For the second time in three months, bids to build a new town hall in Oak Bluffs have come in well above available funds, leaving town leaders scrambling for a solution.

The town hall building committee will recommend that the selectmen return to voters at a special town meeting this fall to request an additional $1.3 million for construction of the new building.

“For us to proceed, we’ve got to go back to the voters,” town hall building committee chairman Bill McGrath said this week.

In June, after a lone bid came in well above the $7.8 million appropriated by voters for the new town hall, town officials returned to their architect and removed $1.7 million worth of design features to reduce the cost of construction.

Cost savings were achieved by eliminating a basement and roof dormer and using less expensive materials for finish work inside the building. The town also separated out demolition of the old town hall, with the intention of bidding that out to local contractors at a lower cost.

A request for proposals went out, but even with the design changes when two new bids were opened on Sept. 13, there was disappointing news.

One bid submitted by Dellbrook/JKS, a company with offices in Falmouth and Quincy which has constructed several public buildings on the Island, came in at $9.28 million. Dellbrook/JKS was the lone bidder in the previous round of bidding. A second bid from Maron Construction, based in Providence, R.I., came in at $9.22 million.

The difference between the low bid and available funds is about $1.3 million.

The building committee met the following day to consider its next step.

“We’re going to make a recommendation to the board of selectmen,” Mr. McGrath said. “We’re recommending they put a warrant article on the Nov. 13 special town meeting for the $1.3 million additional we need. I’m really convinced if we don’t go forward and get the money with this, Oak Bluffs will not have a new town hall in my lifetime.”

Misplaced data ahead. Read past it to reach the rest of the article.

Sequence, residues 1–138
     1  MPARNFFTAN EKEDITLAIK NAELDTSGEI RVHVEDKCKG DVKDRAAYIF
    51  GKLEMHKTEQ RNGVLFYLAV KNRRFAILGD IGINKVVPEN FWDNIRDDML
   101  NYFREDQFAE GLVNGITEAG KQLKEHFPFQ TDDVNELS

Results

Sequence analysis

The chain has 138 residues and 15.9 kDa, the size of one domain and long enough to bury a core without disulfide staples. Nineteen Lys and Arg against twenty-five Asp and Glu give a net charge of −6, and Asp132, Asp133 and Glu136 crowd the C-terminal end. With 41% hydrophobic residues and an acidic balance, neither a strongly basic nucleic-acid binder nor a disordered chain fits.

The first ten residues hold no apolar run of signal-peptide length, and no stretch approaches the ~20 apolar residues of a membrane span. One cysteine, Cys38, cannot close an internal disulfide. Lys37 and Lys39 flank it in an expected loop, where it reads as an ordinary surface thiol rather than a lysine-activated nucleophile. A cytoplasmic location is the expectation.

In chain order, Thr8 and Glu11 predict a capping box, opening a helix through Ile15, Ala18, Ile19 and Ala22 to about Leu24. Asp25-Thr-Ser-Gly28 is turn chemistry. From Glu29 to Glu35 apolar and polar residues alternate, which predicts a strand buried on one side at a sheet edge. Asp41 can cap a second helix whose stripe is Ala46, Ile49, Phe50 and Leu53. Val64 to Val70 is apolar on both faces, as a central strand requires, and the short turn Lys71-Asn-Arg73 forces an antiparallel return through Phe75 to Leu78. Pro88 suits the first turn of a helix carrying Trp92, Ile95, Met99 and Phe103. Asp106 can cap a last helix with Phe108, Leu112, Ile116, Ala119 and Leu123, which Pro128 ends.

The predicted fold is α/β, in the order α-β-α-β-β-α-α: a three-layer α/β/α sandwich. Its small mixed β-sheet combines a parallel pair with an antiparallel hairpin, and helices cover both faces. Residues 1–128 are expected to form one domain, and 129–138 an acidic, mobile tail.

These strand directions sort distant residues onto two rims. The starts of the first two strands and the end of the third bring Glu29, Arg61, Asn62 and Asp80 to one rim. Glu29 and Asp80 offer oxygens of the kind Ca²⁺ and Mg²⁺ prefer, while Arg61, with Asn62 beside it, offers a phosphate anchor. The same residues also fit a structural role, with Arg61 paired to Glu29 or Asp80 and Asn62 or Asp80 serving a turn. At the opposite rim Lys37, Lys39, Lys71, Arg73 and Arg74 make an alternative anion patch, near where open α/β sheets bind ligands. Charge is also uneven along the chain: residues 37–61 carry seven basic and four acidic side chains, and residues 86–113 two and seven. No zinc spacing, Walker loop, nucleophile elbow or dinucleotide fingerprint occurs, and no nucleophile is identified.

He also said: “My perspective is, I’m not going out to bid again for any reason. We have a bid that we know will do the job, that will result in a new town hall. We need a little bit more money for it.”

The town hall building committee estimates that with each two week delay, the cost of the project increases by $40,000.

Demolition of the old town hall was scheduled for mid-summer, with town employees scheduled to move into a group of temporary trailers located across the street. The trailers were ready in June, but town employees did not move in when the project was delayed.

“We have a demolition bid which we can accept,” Mr. McGrath said. “The selectmen could say we’re going to put this on the warrant, and we’re counting on the voters to support it, so in the meantime move into the temporary [trailers] . . . demolish the old building, and at that point the process would proceed immediately after the vote [on Nov. 13]. Of course the problem with that is if the voters say no.”